|Igneous performance: James Cunningham and Suzon Fuks|
photo Alan Warren
This is very considered and deliberate art-making and you feel that sense of solemnity and purpose in the installation. Walking into the black vaulted expanse of The Block you are first struck by a projection which cuts through the space at a 180-degree angle from ceiling to floor and then up the entire length of the opposite wall. It is an impossible river of scrolling encryptions, data recorded by Fuks and Cunningham as they traversed the 663 waterways, drove the 7,500km and walked the two dozen creeks that make up the entire footprint of this enormous project in Central Western Queensland.
You turn a corner and meet curving black flats and a small nook, which invites you to listen to a guided meditation. This entreaty to “slow down, to meander” is an essential part of the installation. Fuks and Cunningham clearly feel such a strong custodianship of the rivers they walked through so slowly and so carefully that they cannot bear the thought that you do not get to experience the sense of durational spirituality that they did.
This is reinforced by curator Rachel Parson, whose thoughtful and considered curatorial essay frames the journey of Fuks and Cunningham in the tradition of “the groundbreaking experimental soundwork of John Cage in the 1950s and 1960s.” She suggests that the artists’ slow and intricate walking “becomes a symbolic gesture, a way to absorb the memories, movements and scars of the landscape…that leaves no lasting trace, becoming another memory within the historical and ongoing shaping of the land by environmental and historical forces.”
There is a sound installation based on the nature of walking and balance in the larger dramatic space of the main exhibition which is dominated by the projected map of Fuks and Cunningham’s travels, a kind of twiggy, arching artery across the back wall. Beneath it, Cunningham performs live an ultra slow and stately walk. In the immediate foreground a wall of video monitors lights up on touch, offering elongated vistas of creeks. On the other side of the installation is a collection of tiny bottles with water from each of the creeks walked: Ross River, Coppermine, Cloncurry, Condomine, Emerald, Miles, Blackwater and Nettle Creeks. And there’s a small bed of sand with discarded objects collected along the way.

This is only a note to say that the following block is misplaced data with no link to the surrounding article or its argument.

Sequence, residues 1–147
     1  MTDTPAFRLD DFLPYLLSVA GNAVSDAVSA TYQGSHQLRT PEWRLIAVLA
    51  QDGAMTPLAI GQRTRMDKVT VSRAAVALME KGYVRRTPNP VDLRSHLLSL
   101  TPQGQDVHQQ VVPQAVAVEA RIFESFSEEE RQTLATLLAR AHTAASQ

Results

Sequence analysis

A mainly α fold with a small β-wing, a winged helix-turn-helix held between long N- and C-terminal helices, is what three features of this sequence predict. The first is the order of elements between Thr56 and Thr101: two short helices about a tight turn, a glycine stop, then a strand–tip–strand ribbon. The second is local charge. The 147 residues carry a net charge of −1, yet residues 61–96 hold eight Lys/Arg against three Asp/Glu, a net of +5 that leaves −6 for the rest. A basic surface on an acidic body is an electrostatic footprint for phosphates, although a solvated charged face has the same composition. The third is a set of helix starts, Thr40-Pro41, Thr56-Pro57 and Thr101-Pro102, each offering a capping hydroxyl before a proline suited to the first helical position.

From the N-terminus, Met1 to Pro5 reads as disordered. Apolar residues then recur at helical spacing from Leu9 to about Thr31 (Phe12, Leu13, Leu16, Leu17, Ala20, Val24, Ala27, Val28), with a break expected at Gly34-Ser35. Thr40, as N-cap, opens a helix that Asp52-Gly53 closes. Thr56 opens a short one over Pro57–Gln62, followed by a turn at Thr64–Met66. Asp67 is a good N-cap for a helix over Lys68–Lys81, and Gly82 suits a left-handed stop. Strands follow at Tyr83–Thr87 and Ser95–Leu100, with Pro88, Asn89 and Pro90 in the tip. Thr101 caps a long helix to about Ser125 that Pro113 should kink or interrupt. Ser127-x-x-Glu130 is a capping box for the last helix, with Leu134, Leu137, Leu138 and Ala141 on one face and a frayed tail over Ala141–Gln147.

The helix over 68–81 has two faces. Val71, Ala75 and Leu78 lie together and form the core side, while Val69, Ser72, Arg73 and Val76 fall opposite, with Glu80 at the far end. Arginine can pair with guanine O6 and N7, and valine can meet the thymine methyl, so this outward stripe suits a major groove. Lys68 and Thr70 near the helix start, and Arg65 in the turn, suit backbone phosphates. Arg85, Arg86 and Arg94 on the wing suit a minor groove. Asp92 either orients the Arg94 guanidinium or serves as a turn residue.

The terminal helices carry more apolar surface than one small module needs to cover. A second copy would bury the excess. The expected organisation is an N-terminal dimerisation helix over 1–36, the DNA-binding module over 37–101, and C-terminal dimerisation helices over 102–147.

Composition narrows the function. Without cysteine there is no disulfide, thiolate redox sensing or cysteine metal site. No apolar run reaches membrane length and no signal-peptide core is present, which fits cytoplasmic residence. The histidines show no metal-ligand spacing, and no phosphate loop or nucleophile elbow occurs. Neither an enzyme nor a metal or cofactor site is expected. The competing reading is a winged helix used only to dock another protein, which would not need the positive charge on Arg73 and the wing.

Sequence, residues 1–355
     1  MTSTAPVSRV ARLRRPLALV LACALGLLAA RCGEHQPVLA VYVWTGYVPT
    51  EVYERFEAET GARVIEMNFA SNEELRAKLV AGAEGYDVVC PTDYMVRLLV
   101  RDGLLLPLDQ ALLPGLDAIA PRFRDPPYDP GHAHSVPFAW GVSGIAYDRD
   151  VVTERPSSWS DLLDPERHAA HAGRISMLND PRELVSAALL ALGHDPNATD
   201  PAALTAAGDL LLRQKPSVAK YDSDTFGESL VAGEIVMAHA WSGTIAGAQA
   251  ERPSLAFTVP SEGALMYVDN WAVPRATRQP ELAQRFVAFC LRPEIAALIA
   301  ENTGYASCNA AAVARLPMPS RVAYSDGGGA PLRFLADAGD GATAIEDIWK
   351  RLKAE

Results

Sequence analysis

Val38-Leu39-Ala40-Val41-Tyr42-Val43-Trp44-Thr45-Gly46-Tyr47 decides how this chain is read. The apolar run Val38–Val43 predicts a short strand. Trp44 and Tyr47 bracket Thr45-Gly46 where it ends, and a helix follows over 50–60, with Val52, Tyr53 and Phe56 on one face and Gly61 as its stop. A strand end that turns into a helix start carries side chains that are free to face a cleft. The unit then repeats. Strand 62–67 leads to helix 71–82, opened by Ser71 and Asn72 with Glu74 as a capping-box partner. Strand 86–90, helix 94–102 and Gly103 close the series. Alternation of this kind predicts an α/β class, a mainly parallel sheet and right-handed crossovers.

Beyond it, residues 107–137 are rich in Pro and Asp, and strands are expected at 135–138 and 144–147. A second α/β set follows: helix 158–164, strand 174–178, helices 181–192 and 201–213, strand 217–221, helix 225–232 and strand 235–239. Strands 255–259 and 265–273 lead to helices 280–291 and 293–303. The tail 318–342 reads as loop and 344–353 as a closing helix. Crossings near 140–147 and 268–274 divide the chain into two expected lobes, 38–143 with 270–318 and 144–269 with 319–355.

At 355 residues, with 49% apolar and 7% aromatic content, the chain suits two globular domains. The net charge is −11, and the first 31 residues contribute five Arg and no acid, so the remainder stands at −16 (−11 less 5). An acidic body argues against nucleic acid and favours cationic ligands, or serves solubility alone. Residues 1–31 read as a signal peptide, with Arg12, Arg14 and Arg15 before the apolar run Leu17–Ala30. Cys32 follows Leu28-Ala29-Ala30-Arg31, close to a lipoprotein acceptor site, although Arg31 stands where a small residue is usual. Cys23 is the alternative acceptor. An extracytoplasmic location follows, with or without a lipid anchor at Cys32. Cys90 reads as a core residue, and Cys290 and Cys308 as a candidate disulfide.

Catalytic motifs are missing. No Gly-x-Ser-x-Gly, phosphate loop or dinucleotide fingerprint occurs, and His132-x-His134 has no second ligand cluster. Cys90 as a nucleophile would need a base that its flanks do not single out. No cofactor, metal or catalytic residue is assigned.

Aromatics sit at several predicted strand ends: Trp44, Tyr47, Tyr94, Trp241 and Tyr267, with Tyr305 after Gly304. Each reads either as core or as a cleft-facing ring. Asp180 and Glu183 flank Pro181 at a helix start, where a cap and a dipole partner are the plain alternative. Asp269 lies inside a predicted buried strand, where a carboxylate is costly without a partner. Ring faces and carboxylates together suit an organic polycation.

Parsons ends her essay by urging patrons to accept the strong invitation of the work to “take time…find a resonance between the body and the various technologies…to experience depth and details…to commit to the meander.”
photo Alan Warren
In the large square room, with its stations reminiscent of a regional museum display, a series of low-set black boxes curved a gentle path through the centre of the installation. Although square, these boxes felt like bird baths, or scrying bowls that glowed with light and sound. Some contained recordings of interviews with local farmers, councillors and other folks met along the way. I had no urge to actually listen to the stories, but I so enjoyed hearing snatches of their voices as I walked past.
Other bowls had iPads nestled inside, flashing close-up images of more tiny details of landscape like knots of wood that looked like horses’ heads. These smaller installations invited an embodied participation, a leaning in and sitting patiently; watching the tiny beauty of an unfamiliar landscape and engaging with it tipped me into a kind of reverie. I left the installation feeling as though I had received a massage. I suppose, to quote Suzon Fuks and James Cunningham, I had experienced what they wanted me to: deep time.
Read the interview with the FLUIDATA artists in RealTime Profiler 10.
FLUIDATA: an explorable installation by Igneous, QUT Digital Associates Program, The Block, QUT, Brisbane, 13-20 June
RealTime issue #128 Aug-Sept 2015 pg. 23
© Kathryn Kelly; for permission to reproduce apply to firstname.lastname@example.org